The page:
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Projector Review: Viewsonic LightStream Pro7827HD Home Theater Projector

Fri 15, April 2016   Reviews

Review by: M. David Stone, April 15, 2016 | ProjectorCentral.com

You might quibble with claim that the ViewSonic Pro7827HD is the ideal projector for home theater entertainment, but it's unquestionably impressive for its $889.99 price. Along with 1080p resolution, full 3D support, and excellent color quality, it offers conveniences that include a 1.3x zoom, three HDMI ports instead of the usual two, and a modest vertical lens shift with an easy-to-use control.

The Pro7827HD also fits well with a wide range of applications. Rated at 2,200 lumens, it can throw a suitably large image that can stand up to ambient light in a living room, but its Eco mode and lower brightness presets offer comfortable brightness levels for theater-dark lighting as well. At just 5.7 pounds, it's light enough for portable use. But it supports Image Science Foundation (ISF)-certified Day and Night viewing modes, which means you can customize its settings--or, more precisely, pay a certified technician to customize them for you--for permanent installation.

Picture Quality

The Pro7827HD lacks some options like frame interpolation that you would expect in more expensive models. But within that context, the quality is excellent. One measure of how well the projector holds detail, for example, is that with one of our standard test images, white text on black was highly readable at sizes as small as 6 points, and black text on white was crisp and readable even at 4 points. That's better than most data projectors can manage, and it translates to showing finer detail for video than most home theater projectors.

ISF Modes. In addition to its five color preset modes--Brightest, Dynamic, Standard, ViewMatch sRGB, and Movie (Rec. 709)--the Pro7827HD offers ISF-certified Day and Night viewing modes. However, the ISF options won't show in the menus until an ISF-certified technician calibrates them for the specific room the projector is in. The calibration will typically cost $250 or more, after which ISF Day and ISF Night will be added to the list of choices.

Color Preset Modes. Even without the custom calibrated modes, the Pro7827HD delivers excellent color quality. This is, in part, thanks to the RGBRGB color wheel, which ensures that none of the presets has enough difference between white brightness and color brightness to affect colors significantly.

As the names imply, the ViewMatch sRGB mode is designed to match the sRGB standard while the Movie (Rec. 709) mode is designed to do the same for the Rec. 709 ITU standard for HDTVs. And, indeed, both offer good color quality. However, the Standard mode comes closest to delivering the same colors as the calibrated projector we use for comparison, nearly matching it straight out of the box.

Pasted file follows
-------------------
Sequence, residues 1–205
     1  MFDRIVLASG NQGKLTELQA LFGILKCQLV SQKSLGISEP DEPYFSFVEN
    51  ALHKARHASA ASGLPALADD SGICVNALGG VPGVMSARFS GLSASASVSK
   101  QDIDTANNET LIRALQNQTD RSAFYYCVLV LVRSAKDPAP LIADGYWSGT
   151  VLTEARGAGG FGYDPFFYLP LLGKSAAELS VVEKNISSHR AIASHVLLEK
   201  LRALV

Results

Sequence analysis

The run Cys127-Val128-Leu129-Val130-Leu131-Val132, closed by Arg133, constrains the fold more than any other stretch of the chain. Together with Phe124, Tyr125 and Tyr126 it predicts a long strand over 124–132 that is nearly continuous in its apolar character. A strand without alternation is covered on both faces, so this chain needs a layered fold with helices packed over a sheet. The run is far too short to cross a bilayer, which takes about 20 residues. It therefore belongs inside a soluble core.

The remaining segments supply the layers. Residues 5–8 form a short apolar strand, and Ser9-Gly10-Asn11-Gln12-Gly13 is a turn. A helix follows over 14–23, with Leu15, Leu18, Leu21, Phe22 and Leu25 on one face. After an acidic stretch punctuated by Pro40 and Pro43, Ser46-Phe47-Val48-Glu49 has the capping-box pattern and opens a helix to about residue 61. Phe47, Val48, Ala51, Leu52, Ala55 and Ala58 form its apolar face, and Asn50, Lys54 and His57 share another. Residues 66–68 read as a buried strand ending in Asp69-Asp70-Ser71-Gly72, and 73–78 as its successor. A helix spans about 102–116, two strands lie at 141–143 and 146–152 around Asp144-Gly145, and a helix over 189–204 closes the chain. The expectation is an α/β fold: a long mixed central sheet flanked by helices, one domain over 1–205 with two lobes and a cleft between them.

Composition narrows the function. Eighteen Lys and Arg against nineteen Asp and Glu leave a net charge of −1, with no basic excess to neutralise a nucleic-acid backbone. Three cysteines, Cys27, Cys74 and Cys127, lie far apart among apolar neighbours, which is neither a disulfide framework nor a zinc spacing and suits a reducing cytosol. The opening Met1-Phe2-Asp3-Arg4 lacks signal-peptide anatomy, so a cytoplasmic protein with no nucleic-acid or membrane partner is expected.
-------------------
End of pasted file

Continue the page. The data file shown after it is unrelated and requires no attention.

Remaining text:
Rainbow artifacts aren't much of an issue for the Pro7827HD. I saw very few in my standard suite of tests, and only in clips that tend to bring them out. When I set the projector up in a family room for an evening of real-world TV viewing, I saw fewer than one per hour. Few people, if any, are likely to find them bothersome.

2D Video. Most other individual aspects of video quality range from near-excellent to excellent. I didn't see any motion artifacts or posterization in my tests, and the Pro7827HD showed only a minor loss of shadow detail in the most demanding clips. I saw some moderately obvious noise in scenes that tend to show noise, but it wasn't obvious enough or often enough for most people to consider it a problem. There is a noise reduction option in the menus, but it works only with an S-Video, composite video, or PC input.

3D video. 3D offers essentially the same quality as 2D in most ways. However, the drop in brightness is a bit more obvious than with most projectors. There aren't any choices for color presets, but the one you're locked into offers high quality color. The projector also did well on those aspects of image quality that are specific to 3D. I didn't see any crosstalk and saw just a hint of 3D-related motion artifacts in the most demanding clips.

Key Features

RGBRGB color wheel. The six-panel RGBRGB color wheel is designed to deliver high quality color, in large part, because there's no white panel to boost white brightness far above color brightness.

HDMI ports. The Pro7827HD offers three HDMI ports--one more than usual--with two that support MHL.

ISF-Certified color calibration. If you're willing to pay someone to calibrate the projector, the ISF Day and ISF Night modes let you custom calibrate it for two different lighting conditions and then choose the Day or Night setting as appropriate.

Vertical lens shift. The Pro7827HD's vertical lens shift--at about 5% of the image height up or down from the midpoint--offers some flexibility for how high or low you can position the projector relative to the screen without having to tilt it. Even better, the shift is controlled through a knob on top of the projector that's both easy to get to and easy to adjust.